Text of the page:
Brace yourself for 200 bright "shooting stars" an hour as the Leonids meteor shower peaks: What to see in the night sky this week

Brace yourself for 200 bright “shooting stars” an hour as the Leonids meteor shower peaks: What to see in the night sky this week

Every Monday I pick the northern hemisphere (northern mid-latitudes) celestial highlights for the coming week, but be sure check my main feed for more in-depth articles on stargazing, astronomy, eclipses, and more.

What to see in the night sky this week: November 14-20, 2022

November is always a good time for stargazing, but this week will be better than most. Along with a chance to see winter’s twinkling bright stars rise in the east as darkness falls, this week sees the climax of the Leonids meteor shower. While it’s not the most productive of a normal year, there are plenty of reasons to get outside and look up this week as it peaks. The Leonids meteor shower is famous for its occasional meteor storm as its peak night coincides with a moonless night sky — something that was rare for meteor shower peaks in 2022. That probably won’t be the case this year, but there’s reason to believe it will be stronger than usual.

Wednesday, November 16, 2022: Last Quarter Moon

Today our natural satellite in space enters its last quarter moon phase, rising around midnight and setting at noon. Not only does this mean you have dark, moonlit skies after midnight for the rest of the week, but you can easily spot a half and moonset in the west in the morning.

Thursday/Friday, 17/18 November 2022: Leonids meteor shower

Just before midnight on Thursday and into the early hours of Friday morning, the Leonid meteor shower’s peak can be seen in the dark, moonless night sky. Illuminated at 36%, the waning crescent moon rises after midnight. Keep your eyes peeled (no binoculars or telescope needed) for the 10-20 shooting stars per hour (a dark sky will help you spot them). This meteor shower is known for bright meteors with sustained trains — meaning you can see some of them glowing for about a second as they zoom through the night sky.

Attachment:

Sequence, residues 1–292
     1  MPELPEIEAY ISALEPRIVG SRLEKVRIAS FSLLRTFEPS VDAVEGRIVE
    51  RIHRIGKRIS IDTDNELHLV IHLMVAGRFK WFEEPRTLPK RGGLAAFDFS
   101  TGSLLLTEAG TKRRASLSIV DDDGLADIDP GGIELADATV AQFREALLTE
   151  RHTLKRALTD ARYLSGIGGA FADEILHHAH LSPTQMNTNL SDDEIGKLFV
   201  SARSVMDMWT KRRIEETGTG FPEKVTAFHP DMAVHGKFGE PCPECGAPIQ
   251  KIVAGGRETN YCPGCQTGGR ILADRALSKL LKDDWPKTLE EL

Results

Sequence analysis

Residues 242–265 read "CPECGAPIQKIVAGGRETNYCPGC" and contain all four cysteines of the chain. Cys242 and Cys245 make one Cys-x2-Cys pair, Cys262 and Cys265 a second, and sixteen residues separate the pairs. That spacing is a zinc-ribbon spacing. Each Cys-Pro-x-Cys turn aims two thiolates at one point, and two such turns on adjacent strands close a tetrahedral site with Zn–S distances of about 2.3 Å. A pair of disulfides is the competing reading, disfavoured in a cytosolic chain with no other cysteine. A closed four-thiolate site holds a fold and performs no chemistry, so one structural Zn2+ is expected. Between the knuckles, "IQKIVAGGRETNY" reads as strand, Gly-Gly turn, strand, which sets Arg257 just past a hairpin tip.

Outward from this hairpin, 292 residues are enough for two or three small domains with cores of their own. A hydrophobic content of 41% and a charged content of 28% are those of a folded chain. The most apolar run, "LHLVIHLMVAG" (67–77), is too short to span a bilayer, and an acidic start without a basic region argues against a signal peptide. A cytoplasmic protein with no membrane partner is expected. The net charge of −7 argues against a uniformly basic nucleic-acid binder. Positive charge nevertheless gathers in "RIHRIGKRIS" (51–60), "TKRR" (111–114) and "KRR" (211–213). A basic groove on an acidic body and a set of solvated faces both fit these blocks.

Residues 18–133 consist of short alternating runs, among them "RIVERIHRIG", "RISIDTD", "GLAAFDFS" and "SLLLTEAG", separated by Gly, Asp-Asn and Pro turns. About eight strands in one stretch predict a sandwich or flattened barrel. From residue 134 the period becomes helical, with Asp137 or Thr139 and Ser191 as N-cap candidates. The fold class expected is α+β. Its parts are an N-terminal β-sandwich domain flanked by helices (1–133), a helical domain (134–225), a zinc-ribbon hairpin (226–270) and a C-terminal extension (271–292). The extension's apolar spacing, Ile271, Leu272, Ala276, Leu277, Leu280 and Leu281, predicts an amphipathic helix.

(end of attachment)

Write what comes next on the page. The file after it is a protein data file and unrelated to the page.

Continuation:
Friday/Saturday, 18/19 November 2022: Leonids meteor shower

Earth may be moving through some streams of Leonid meteors associated with previous meteor storms this year, according to the American Meteor Society. On November 19, experts predict that Earth could break through the same trail of dust that caused a meteor storm in 1733, with a staggering 200 “shooting stars” per hour possible! Others suggest 50 an hour. Either way, get out there and look up!

Sunday, November 20, 2022: Crescent moon near Spica

Before sunrise this morning, a 15% illuminated waning crescent moon – a crescent moon – will rise in the eastern sky just below the star Porrima and 4º above Spica, the bright star in the constellation Virgo. The red supergiant Arcturus in the constellation of Bootes is located to the left of the moon as it rises.

Event of the week: Leonids meteor shower

The Leonids meteor shower, active between November 3 and December 2 each year, is caused by dust and debris left behind in the inner solar system by Comet 55P/Temple-Tuttle. Although they can appear from anywhere, the beam point of the meteors is the constellation Leo.

The times and dates given are for mid-northern latitudes. The most accurate location-specific information can be found in online planetariums such as Stellarium and The sky live. Check Planet Rise/Planet Set, Sunrise sunset and Moonrise/Moonset times where you are

I wish you clear skies and big eyes.

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